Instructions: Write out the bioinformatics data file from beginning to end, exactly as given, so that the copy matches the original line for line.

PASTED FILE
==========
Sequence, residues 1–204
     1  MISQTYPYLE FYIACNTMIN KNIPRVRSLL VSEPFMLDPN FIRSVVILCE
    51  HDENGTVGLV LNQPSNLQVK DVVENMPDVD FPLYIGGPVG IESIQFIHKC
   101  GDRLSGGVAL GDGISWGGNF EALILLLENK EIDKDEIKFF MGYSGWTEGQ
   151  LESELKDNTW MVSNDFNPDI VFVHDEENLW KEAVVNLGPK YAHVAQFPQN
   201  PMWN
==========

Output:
Sequence, residues 1–204
     1  MISQTYPYLE FYIACNTMIN KNIPRVRSLL VSEPFMLDPN FIRSVVILCE
    51  HDENGTVGLV LNQPSNLQVK DVVENMPDVD FPLYIGGPVG IESIQFIHKC
   101  GDRLSGGVAL GDGISWGGNF EALILLLENK EIDKDEIKFF MGYSGWTEGQ
   151  LESELKDNTW MVSNDFNPDI VFVHDEENLW KEAVVNLGPK YAHVAQFPQN
   201  PMWN